We have just started work on our second commission with the inspirational Half Moon Theatre to create a show about children’s experience of anxiety - an enormous and growing mental health issue amongst young people. The work will be inspired by and informed by a group of young people we work with long-term in Croydon through our Dramatherapy service. Following the successful model that we used to make Need A Little Help with a group of young carers, the young people will be creative consultants on the project, feeding in at crucial points to help us make something which is true to young people’s experiences.
In Somerset and Surrey
We’ve just had the exciting news that Need A Little Helphas been selected for Take Art's Hopper project and will be touring rural Somerset in 2018. We are really proud of this show and thrilled that it will have another tour.
Mentoring Emerging Ensemble Companies across the UK
This month, Nathan and Kat offered a free workshop to applicants of our 2017 mentorship scheme on 'Producing Ensemble Theatre'. We had attendees from across the UK including Derby, Huddersfield and Birmingham joining us for a day of sharing advice, focusing visions and removing obstacles to success.
There was no budget for this workshop just Kat and Nathan wanting to help the many applicants we received but could not take on to the Mentoring year long programme. So a big THANK YOU to Nathan and Kat for giving their time and New Diorama Theatre for giving us a space in their new ND2 location.
"A huge thank you for the workshop on Saturday. We found it so helpful and walked away with fire in our stomachs!"
Moth Physical Theatre Company
We were thrilled to learn this month that one of our mentored companies, Seemiahave been successful with their first Arts Council application following an in-kind advice and mentoring session from our Development Director Jonathan Ellicott. We are really excited about their success and are sure that we will be posting more exciting developments from our other three mentored companies Ivo, Broken Chair and Ditto Theatre.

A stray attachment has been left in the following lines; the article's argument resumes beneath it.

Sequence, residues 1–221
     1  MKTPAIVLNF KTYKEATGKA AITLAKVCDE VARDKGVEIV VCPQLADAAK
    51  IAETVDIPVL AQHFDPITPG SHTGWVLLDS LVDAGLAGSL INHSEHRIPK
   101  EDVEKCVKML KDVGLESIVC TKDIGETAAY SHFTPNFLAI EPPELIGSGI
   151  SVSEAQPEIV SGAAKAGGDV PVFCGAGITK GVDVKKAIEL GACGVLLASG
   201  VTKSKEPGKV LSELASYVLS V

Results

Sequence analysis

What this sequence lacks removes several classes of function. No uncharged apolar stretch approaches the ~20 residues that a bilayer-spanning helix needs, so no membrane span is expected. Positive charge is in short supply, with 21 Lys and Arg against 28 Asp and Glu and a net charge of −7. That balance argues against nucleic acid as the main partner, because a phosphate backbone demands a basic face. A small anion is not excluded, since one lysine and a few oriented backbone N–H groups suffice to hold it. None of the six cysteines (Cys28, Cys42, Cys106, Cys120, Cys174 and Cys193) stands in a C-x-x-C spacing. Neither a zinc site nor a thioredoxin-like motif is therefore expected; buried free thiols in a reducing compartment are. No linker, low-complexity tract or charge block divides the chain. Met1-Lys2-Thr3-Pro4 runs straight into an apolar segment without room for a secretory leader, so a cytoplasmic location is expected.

This work was funded from our generous grant from the Andrew Lloyd Webber Foundation.
We met David and Laura from NGYT after they came to watch ‘Emerge/ncy’ last summer at Imagine Watford Festival and got in touch with us via twitter to say how much they had enjoyed it. From that initial tweet, a beautiful collaboration has been born!
Next Generation Youth Theatre are an exciting, ambitious and passionate organisation based in Luton, working with hundreds of talented young people to create really high-quality drama, dance and musical theatre.
For the inaugural ‘Imagine Luton' outdoor festival we have come together with NGYT to develop a large-scale outdoor spectacle featuring 100 young people which examines at how we interact with each other and our technology in public spaces. How are these ‘black mirrors’ that are glued to our palms changing our horizons? What happens when we look up instead?
MIRROR SKY will be happening all over Luton Town Centre on Sunday 25th June - near the train station, in the shopping mall, in the high street…. It will culminate in a spectacular finale at 5pm in the main square.
Our ambition is that with the young performers of NGYT, we can create a brilliant new outdoor work for young people that we can tour and remake in the future with other youth theatres and young performers in cities across the UK.
'It's quite a family affair and art is certainly imitating life.'
by Sara Templeman
Day 6 of rehearsals – Kicking & Screaming
We have just begun our second week of rehearsals for Kicking & Screaming. What is so brilliant about rehearsing this play, which follows the story of two couples and their transition into parenthood, is the presence of real babies in the rehearsal room.
Both our artistic directors have recently become parents. Nathan's little girl Olwyn is 6 weeks old and was brought in today for the afternoon by Nathan's wife Alexis. Kat's little boy Claude is 9 weeks old and can't be apart from his Mummy yet as he is so little so he's been a constant (and very lovely and very well behaved) presence at rehearsals. It just happens Claude's Daddy Guy is also on hand for baby care in rehearsals as he is directing all the music as well as having composed some of the musical score for the production (Another part of the show that's been so much fun in rehearsal is the live music!) So it's quite a family affair and art is certainly imitating life.
Further input has come from our very own qualified Doula* and Mummy Laura who plays the narrator character in the play.
Her unique insight into not only being a Mummy herself but her accounts of witnessing births as a Doula has also added an extra fascinating layer to our research.